As user researchers, our primary goal is to understand our users' behaviors, needs, and attitudes to improve their experiences with our products or services. To achieve this, we must establish trust with our research participants. Because it often requires them to share personal information, experiences, and opinions. Research participants need to feel safe and comfortable in doing so. If they don't trust the researcher, they may withhold information, provide inaccurate or biased responses, or decline to participate altogether.
Building trust is not only essential for ethical reasons but also for the quality of research outcomes. Persons who feel comfortable and trust the researcher are more likely to provide accurate and honest information, leading to better insights and outcomes.
These are 8 tips to boost trust.
1. Explain the Purpose and Benefits of the Research
Before starting the research, it's essential to explain the purpose and benefits of the study to participants. This helps them understand the importance of their involvement and what they can expect from the research. Being transparent about the research objectives and outcomes can help create a positive relationship between the researcher and the user. As well as that there are no right or wrong answers, only their experience. And that their opinion and actions have an impact on the development of creating a better product for themselves and others.
2. Use Informed Consent and Data Protection Policies
Informed consent is a process of ensuring that persons are aware of the study's purpose, what their participation will involve, and what rights they have as participants. It's important to have informed consent and data protection policies in place to ensure participants are aware of their rights, and that their data is protected. How long is the data stored? And are colleagues listening live with an online connection or behind a mirror?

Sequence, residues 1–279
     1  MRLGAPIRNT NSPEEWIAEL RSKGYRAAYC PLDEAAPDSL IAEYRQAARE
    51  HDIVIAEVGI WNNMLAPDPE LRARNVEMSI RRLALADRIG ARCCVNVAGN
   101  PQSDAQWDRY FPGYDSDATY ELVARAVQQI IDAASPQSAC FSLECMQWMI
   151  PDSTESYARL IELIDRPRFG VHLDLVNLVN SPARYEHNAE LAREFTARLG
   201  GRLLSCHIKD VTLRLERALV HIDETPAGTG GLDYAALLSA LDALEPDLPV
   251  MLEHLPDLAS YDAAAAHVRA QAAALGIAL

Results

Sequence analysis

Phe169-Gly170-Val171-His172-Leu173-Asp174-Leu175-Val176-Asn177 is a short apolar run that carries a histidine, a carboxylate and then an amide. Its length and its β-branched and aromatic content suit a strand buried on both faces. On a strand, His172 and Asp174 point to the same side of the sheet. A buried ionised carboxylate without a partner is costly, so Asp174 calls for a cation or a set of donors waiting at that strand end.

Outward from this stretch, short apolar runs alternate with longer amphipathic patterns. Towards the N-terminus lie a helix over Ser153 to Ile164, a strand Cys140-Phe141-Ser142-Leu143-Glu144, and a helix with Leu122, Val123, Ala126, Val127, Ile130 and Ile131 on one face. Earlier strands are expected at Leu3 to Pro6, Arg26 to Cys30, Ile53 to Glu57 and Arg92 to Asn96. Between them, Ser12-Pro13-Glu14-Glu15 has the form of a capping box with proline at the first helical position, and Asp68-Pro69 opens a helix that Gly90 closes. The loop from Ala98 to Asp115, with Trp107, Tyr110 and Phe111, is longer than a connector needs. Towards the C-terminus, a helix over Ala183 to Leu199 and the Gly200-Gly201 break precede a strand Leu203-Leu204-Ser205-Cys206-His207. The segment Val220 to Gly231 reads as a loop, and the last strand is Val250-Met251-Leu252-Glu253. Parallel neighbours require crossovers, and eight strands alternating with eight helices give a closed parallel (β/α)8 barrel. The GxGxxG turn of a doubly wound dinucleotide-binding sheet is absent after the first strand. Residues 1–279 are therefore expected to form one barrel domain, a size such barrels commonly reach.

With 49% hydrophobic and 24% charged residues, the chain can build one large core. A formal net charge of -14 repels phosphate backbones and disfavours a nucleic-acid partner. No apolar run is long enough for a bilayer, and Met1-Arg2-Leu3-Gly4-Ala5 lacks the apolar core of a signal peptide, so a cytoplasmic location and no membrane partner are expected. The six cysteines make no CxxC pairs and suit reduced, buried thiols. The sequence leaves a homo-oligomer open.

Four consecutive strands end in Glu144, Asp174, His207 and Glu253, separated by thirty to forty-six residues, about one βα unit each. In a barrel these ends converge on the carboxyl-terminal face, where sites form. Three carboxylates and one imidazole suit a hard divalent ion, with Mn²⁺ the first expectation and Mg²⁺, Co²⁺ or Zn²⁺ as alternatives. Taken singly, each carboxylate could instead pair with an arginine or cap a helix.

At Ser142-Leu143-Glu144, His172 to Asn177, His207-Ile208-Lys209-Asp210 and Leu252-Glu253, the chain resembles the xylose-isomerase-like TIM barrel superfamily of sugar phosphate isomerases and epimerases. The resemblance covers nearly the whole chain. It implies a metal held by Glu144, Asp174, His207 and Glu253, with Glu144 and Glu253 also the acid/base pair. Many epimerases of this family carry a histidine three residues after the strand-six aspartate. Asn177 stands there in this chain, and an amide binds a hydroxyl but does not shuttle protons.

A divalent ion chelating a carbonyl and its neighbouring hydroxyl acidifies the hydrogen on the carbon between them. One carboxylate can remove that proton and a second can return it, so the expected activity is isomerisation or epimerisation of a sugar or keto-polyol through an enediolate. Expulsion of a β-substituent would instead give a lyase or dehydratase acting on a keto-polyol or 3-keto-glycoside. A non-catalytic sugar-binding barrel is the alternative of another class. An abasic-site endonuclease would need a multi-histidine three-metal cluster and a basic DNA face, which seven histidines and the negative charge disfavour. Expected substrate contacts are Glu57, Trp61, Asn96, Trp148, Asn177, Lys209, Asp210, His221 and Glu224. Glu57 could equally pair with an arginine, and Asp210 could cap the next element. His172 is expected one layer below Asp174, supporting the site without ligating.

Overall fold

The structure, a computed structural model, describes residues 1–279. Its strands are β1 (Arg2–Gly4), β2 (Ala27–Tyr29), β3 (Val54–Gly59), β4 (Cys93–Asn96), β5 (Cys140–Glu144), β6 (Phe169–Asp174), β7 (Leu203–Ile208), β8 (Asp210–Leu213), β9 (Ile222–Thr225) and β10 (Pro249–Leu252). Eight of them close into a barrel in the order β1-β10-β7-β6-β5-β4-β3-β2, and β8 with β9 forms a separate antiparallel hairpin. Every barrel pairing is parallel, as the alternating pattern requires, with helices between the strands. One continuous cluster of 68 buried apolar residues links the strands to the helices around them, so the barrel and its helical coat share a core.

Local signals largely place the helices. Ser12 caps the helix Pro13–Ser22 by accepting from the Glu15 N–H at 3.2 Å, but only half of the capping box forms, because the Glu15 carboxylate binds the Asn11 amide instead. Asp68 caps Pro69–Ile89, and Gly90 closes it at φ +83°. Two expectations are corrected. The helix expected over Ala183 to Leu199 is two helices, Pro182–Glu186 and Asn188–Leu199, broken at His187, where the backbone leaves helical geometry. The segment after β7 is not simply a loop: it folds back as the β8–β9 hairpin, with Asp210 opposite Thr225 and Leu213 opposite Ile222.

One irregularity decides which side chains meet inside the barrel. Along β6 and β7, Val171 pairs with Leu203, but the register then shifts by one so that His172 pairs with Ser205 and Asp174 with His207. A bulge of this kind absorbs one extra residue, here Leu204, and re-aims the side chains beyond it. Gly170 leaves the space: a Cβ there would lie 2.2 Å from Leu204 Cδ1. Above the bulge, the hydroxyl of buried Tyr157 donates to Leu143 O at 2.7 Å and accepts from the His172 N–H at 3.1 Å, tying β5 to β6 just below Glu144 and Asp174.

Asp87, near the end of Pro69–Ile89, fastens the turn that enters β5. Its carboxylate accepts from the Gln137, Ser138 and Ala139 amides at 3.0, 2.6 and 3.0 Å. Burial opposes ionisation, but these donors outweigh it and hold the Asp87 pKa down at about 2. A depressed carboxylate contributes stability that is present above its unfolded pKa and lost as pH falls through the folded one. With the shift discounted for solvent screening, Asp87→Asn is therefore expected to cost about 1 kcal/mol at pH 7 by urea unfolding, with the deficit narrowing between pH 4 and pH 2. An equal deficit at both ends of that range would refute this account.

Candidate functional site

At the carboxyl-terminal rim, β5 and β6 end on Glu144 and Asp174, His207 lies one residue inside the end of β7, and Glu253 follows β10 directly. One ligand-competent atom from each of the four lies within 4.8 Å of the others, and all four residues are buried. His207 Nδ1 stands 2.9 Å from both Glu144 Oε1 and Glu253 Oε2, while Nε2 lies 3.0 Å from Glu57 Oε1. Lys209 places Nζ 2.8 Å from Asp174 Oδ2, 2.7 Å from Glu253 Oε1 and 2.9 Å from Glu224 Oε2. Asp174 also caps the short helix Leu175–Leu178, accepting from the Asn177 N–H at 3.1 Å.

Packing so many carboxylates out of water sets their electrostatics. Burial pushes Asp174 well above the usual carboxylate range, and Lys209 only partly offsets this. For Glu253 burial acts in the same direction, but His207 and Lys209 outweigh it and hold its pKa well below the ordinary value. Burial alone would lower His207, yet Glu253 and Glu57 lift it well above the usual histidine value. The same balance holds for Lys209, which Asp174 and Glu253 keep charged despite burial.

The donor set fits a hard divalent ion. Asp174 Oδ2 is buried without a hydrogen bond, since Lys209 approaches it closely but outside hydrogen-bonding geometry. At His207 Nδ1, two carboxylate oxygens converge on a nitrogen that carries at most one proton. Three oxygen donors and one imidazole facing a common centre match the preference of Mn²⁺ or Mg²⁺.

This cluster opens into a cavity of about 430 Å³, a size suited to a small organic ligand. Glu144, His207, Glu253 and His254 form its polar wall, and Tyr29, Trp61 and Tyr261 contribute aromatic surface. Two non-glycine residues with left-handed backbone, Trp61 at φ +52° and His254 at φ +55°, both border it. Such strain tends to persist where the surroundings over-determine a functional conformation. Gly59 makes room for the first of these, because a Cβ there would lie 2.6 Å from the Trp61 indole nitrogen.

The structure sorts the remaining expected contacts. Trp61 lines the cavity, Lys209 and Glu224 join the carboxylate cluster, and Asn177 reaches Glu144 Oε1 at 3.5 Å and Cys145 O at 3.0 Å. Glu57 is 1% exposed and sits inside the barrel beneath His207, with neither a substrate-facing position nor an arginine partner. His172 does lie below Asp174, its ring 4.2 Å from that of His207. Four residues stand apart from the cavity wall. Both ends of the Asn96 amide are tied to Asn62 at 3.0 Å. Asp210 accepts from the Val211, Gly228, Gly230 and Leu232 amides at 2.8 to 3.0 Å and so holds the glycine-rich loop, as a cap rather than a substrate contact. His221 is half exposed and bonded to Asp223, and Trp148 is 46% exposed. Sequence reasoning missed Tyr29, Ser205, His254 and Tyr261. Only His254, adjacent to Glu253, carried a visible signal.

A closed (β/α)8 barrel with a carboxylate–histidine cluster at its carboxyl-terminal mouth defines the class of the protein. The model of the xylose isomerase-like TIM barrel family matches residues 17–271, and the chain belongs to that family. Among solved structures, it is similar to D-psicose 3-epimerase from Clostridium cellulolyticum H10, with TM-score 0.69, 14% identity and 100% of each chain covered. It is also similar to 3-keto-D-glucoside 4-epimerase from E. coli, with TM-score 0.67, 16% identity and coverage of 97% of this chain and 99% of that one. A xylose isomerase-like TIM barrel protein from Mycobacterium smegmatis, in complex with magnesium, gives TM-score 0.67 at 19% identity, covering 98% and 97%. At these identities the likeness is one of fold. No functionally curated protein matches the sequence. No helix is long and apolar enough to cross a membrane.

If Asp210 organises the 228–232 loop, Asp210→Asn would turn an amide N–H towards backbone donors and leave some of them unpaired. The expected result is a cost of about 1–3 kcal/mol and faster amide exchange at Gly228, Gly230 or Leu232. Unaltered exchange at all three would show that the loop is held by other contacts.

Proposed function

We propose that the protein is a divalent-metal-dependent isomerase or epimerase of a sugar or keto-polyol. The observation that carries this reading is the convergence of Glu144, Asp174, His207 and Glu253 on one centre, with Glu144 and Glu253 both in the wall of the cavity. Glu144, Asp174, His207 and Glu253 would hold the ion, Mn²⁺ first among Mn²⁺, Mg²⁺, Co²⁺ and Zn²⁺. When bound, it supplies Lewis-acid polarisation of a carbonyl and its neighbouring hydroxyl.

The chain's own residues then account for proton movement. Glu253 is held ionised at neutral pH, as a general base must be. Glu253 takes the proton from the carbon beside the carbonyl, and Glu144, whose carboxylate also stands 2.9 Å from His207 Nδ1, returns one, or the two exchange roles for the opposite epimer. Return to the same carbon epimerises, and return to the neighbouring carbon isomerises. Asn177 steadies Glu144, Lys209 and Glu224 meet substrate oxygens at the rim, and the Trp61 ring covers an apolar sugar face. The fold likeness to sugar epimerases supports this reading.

3. Ensure Confidentiality and Anonymity
Participants need to know that their information is confidential and anonymous. As a researcher, you should establish protocols to protect user data and ensure that data is used only for the study's purpose. It is standard practice to remove names and other private information the moment the interview is over.
4. Build Rapport with Participants
Building rapport with (future) customers is critical in building trust. Researchers should approach participants with respect, empathy, and patience. It's important to listen actively and demonstrate that you're interested in their experiences. Mirroring their body language or emotions or surprise or anger.
5. Provide Clear Instructions
To create a safe space for participants, it's important to provide clear instructions about what the research will involve. This includes information on the type of questions that will be asked, how long the research will take, and any activities that may take place.
6. Respect Participants' Boundaries
It's important to respect participants' boundaries, including their privacy and cultural sensitivities. Researchers should be mindful of the language they use and any cultural differences that may impact the research process.
7. Provide Support During and After the Research
A person may experience discomfort or emotional distress during or after the research. Researchers should provide support and resources to participants if they need them. This includes providing access to counseling services or referrals to relevant support networks. They are always able to stop the interview and walk away.
8. Maintain Professionalism
Maintaining professionalism is critical in building trust with participants. Researchers should avoid being judgmental, biased, or condescending toward participants. They should remain neutral and objective in their approach to the research.
Building trust with research participants is crucial for successful user research outcomes. It helps create a safe space for participants to share their experiences, feelings, and opinions. By following the strategies outlined in this blog, researchers can build trust and establish positive relationships with participants. This, in turn, can lead to better research outcomes and improved user experiences.